Of course it had been two years since the Swede had played New York, and who knows when he'll return, so we were going to get as much as he would give. Backed by Jonathan, his bassist/drummer/harmonica player/harmonizer (sometimes all at once), Pelle played an hour-long set that seemed to me heavier on his first two albums (2005's Everything Now! and 2007's In a Nutshell) than last year's somewhat disappointing The Lilac Time,. (My phone's unlisted.) We did get it's best songs, "Because I'm Worth It," the aforementioned "1983 (Pelle & Sebastian)," plus two covers: a genuinely awesome version of Elton John's "Rocket Man" and a rusty but fun rendition of the Darkness' "I Believe in a Thing Called Love." The evening finished with "Fly Me to the Moon," a sweet-sounding but bile-fueled invective against European cheapo airline Ryan Air who gave him the worst travel experiences of his life. Hopefully his trip back to Sweden was uneventful.

There's a lot of free, legal Pelle Carlberg MP3s out there, including some of his best songs. Here's a few of them:

MP3: Pelle Carlberg – Go to Hell Miss Rydell (buy Everything Now!)
MP3: Pelle Carlberg – Clever Girls… (buy In a Nutshell)
MP3: Pelle Carlberg – 1983 (buy The Lilac Time)

Abby from Sup Magazine shot a whole lot of video, some of which is after the jump…

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Uninhabitable Mansions + Spacecamp | Union Hall | 2.27.2009


Spicy Times is a monthly party at Union Hall put on by the blog of the same name that's a joint production of a couple other bloggers: Jinners and Nora of I Rock I Roll. This was the second edition and featured a couple hot new-ish bands, too much free Colt 45, which led to some silly dancing to '80s hits.

This was my second time seeing Uninhabitable Mansions, a band that features Robbie and Tyler of Clap Your Hands Say Yeah and Annie from Au Revoir Simone. Whether it's that they've been practicing a lot or just that I'm now familiar with some of their songs via MySpace, but I thought they were decidedly better than their Cake Shop show back in January. UH also more my kind of thing than CYHSY, poppier, warmer friendlier to these ears, with a strong '80s Flying Nun kind of vibe. I'm also a sucker for male/female vocals. This show was a release party for their debut 7", pressed on lovely white vinyl. I especially like "Do You Have a Strategy?"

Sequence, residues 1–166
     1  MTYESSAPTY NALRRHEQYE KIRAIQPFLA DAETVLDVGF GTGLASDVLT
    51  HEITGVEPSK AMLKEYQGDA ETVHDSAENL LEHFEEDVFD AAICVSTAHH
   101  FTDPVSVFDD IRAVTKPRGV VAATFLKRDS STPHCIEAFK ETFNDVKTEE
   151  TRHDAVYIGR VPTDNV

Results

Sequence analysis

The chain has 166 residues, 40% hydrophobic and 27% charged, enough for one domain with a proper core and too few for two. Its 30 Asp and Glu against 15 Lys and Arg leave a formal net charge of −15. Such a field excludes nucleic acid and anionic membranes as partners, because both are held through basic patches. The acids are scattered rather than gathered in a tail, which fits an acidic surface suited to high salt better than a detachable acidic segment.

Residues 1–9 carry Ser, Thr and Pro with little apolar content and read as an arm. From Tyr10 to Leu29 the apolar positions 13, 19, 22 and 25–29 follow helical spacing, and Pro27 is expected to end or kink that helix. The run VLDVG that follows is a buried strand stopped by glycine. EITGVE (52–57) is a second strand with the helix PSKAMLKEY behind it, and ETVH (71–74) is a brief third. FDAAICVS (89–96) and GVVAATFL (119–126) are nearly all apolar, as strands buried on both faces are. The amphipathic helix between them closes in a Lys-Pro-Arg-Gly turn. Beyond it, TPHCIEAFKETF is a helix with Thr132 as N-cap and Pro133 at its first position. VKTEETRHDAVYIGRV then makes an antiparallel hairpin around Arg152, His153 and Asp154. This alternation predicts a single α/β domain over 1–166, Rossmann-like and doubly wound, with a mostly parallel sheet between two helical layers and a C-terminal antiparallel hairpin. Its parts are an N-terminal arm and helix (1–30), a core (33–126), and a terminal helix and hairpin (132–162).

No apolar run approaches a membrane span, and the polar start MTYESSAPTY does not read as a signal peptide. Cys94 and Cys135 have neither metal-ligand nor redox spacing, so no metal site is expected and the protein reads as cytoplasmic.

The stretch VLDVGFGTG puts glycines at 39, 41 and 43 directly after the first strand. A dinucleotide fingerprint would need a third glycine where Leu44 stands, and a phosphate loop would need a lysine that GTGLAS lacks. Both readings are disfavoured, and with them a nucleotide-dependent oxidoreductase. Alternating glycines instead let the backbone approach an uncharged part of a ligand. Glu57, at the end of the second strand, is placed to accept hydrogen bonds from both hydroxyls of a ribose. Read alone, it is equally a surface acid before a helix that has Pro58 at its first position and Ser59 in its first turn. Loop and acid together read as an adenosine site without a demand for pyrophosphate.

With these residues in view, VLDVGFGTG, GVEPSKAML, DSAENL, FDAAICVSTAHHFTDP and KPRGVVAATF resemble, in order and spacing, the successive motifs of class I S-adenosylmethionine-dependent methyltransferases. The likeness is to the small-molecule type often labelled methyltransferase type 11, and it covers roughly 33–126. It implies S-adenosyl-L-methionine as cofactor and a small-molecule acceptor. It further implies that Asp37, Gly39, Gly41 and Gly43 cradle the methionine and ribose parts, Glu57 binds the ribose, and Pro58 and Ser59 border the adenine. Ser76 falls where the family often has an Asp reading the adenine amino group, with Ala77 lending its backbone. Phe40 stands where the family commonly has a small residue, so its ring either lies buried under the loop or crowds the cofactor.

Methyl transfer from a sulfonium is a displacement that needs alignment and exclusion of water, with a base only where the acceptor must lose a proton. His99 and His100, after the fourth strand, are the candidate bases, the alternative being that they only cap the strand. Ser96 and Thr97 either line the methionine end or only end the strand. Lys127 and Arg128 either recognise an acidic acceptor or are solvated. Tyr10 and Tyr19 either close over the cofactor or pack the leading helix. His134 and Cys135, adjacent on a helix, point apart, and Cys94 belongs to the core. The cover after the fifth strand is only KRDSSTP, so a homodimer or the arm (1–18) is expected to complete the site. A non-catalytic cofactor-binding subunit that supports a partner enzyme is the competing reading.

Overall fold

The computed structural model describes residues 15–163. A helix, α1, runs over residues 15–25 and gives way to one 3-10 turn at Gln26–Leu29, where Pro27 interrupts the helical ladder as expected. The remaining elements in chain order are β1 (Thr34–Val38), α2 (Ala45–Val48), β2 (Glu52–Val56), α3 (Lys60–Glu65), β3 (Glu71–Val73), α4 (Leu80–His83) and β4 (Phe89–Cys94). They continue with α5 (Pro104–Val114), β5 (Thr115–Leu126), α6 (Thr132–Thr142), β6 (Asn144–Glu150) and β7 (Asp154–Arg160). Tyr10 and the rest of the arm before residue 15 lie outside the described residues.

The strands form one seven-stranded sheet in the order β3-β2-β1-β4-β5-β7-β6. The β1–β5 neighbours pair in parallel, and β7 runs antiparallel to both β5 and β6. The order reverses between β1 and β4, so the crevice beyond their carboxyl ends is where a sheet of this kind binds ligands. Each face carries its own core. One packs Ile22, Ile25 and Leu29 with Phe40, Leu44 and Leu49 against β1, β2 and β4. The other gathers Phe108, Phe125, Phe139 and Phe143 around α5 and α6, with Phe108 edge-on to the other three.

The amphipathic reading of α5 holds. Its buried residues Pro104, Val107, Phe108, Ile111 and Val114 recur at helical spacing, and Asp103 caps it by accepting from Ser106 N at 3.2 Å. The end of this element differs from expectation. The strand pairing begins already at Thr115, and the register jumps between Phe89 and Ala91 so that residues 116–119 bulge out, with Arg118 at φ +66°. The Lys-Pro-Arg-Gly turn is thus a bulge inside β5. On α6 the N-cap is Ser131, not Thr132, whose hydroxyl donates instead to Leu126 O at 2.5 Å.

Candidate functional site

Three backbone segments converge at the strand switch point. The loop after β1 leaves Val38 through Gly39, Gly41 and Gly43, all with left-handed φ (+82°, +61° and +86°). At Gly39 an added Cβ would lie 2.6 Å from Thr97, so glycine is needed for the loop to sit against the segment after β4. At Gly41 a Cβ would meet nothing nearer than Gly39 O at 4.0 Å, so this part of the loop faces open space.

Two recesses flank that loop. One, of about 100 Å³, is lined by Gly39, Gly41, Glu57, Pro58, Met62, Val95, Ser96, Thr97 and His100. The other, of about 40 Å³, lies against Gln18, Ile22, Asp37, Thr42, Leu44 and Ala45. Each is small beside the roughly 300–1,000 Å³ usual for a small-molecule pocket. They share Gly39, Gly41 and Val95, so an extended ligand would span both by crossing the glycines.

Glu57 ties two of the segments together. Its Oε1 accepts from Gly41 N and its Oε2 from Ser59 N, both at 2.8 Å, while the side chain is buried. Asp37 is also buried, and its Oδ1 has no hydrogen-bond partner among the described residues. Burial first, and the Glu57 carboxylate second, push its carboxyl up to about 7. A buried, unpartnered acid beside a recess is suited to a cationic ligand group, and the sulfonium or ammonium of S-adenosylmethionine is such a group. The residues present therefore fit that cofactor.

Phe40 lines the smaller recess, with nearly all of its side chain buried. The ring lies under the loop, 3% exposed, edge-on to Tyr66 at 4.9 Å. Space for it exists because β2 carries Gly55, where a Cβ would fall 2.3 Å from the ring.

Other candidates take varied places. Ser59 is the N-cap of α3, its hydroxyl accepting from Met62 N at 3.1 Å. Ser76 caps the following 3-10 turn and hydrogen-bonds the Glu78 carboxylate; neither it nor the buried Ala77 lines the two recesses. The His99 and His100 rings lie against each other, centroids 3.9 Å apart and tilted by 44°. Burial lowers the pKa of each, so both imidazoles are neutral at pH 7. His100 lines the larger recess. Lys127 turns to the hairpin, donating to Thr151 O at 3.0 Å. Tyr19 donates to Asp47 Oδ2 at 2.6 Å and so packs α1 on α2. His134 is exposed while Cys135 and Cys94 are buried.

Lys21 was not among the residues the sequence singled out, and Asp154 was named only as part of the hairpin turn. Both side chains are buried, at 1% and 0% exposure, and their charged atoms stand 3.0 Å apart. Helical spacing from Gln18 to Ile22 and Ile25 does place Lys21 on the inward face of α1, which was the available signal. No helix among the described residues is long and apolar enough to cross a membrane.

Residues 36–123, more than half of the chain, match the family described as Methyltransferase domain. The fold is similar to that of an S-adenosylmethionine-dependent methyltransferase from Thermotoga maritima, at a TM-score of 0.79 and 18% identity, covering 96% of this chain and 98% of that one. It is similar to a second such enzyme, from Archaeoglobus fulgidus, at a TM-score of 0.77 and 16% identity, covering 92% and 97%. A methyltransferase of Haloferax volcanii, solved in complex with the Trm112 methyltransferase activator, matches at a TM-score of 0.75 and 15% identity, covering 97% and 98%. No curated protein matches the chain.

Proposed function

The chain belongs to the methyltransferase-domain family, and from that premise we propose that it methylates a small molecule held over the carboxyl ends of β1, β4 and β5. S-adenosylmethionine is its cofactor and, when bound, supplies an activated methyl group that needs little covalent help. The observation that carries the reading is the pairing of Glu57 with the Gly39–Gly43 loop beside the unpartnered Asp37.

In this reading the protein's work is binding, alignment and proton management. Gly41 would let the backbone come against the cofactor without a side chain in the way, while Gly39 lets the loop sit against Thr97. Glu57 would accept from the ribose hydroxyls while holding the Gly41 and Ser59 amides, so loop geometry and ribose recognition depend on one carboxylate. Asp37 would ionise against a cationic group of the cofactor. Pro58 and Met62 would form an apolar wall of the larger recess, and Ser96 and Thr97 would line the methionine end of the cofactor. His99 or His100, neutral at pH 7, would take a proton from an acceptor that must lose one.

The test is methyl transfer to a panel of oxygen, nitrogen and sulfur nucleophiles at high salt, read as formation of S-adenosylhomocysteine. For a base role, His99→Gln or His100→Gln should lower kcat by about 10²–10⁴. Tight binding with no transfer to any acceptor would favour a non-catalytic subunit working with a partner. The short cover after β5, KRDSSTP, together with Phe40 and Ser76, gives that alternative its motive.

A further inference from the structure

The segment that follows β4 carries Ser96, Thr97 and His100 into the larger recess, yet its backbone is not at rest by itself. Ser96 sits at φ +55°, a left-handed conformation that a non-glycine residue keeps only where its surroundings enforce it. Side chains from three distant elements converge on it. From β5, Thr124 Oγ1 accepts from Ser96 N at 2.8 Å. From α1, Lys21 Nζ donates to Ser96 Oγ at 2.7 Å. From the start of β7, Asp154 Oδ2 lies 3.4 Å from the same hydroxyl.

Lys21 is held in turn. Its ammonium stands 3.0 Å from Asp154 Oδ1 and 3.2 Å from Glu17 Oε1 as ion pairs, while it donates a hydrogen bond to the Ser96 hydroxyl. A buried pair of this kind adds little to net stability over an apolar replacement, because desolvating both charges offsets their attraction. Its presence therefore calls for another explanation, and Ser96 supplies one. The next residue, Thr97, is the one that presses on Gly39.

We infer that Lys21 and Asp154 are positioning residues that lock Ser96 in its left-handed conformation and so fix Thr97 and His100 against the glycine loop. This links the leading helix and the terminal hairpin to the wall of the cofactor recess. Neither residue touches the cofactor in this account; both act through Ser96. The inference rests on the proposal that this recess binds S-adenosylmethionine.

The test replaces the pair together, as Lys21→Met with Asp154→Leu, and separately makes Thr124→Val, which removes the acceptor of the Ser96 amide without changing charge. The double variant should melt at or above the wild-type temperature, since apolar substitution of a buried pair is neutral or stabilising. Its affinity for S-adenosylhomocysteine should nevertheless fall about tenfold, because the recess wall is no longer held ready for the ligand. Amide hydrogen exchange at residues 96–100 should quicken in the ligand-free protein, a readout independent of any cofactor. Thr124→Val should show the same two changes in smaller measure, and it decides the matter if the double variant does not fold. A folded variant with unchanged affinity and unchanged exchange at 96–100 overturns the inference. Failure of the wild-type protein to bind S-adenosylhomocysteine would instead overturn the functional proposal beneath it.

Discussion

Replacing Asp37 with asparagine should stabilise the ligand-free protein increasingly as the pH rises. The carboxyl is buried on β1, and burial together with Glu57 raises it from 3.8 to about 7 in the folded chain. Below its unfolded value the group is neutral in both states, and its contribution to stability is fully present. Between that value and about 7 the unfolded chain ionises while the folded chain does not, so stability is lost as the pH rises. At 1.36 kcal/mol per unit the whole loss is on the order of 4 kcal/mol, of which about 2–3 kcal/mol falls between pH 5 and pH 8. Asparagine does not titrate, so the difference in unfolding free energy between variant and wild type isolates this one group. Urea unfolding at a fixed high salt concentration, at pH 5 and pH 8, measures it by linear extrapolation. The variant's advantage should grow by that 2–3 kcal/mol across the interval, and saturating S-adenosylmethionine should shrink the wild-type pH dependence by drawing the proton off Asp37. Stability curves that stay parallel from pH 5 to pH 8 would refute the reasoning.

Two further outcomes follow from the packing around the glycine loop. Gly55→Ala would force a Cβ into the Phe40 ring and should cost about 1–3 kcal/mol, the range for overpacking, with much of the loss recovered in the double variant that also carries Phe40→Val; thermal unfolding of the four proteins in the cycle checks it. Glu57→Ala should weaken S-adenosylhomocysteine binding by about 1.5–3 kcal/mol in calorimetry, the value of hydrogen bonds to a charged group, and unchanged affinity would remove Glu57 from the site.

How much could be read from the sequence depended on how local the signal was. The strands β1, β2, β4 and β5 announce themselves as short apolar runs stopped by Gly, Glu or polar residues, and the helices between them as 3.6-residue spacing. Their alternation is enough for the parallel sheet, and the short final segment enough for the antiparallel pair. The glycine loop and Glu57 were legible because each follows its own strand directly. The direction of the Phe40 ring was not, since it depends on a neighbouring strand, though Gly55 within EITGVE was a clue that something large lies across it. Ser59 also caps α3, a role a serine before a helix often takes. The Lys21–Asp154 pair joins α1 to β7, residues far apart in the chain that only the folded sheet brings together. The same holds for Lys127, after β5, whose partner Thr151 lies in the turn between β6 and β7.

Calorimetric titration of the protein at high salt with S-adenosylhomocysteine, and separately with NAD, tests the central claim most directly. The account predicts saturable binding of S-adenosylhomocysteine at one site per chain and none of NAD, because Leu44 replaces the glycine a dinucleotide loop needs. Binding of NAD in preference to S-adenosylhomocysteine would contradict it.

MP3: Uninhabitable Mansions – Do You Have a Strategy?

You can pick it up at your favorite NYC-area independent record store or via their website. I also shot video of an as-yet-unnamed song, which you can watch further down this post.

Also on the Spicy Times bill were Spacecamp who, full disclosure, are friends of mine and I've written about before. As all three members are Professional Musicians and back other artists collectively and separately, they are tight and have their act together. While a bunch pros forming their own band might inspire visions of Toto for some (ok, maybe just me), Jon, Chris and Steven are good songwriters too and, most importantly, seem to be doing this 'cause it's fun. Somewhere between The Kinks and The Police, they are party rocker in the best possible way, with totally catchy songs like "Girls on Bikes" and "Puppy":

MP3: Spacecamp – Puppy

The guys just finished up work on Lightspeed Champion's second album, and Dev was in the house. While hopes that he might take the mike to debut a new song with the band didn't happen, he did join them onstage to play some pretty smokin' guitar on a brand new song which I think is called "Teen Idol." (Video of which is also below.) Rumors also abounded that night that Spacecamp's next paid gig might be backing Joaquin Phoenix on his new career as a hip hop artist but maybe that was just the free Colt 45 talking.